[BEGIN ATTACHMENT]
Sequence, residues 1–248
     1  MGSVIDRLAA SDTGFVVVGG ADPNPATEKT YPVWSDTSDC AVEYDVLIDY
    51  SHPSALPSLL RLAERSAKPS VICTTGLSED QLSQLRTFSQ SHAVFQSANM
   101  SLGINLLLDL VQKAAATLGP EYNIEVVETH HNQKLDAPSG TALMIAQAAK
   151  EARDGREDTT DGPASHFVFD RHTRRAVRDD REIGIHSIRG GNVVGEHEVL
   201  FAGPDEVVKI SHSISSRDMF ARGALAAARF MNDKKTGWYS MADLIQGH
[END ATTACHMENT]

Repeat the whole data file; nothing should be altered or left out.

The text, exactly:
Sequence, residues 1–248
     1  MGSVIDRLAA SDTGFVVVGG ADPNPATEKT YPVWSDTSDC AVEYDVLIDY
    51  SHPSALPSLL RLAERSAKPS VICTTGLSED QLSQLRTFSQ SHAVFQSANM
   101  SLGINLLLDL VQKAAATLGP EYNIEVVETH HNQKLDAPSG TALMIAQAAK
   151  EARDGREDTT DGPASHFVFD RHTRRAVRDD REIGIHSIRG GNVVGEHEVL
   201  FAGPDEVVKI SHSISSRDMF ARGALAAARF MNDKKTGWYS MADLIQGH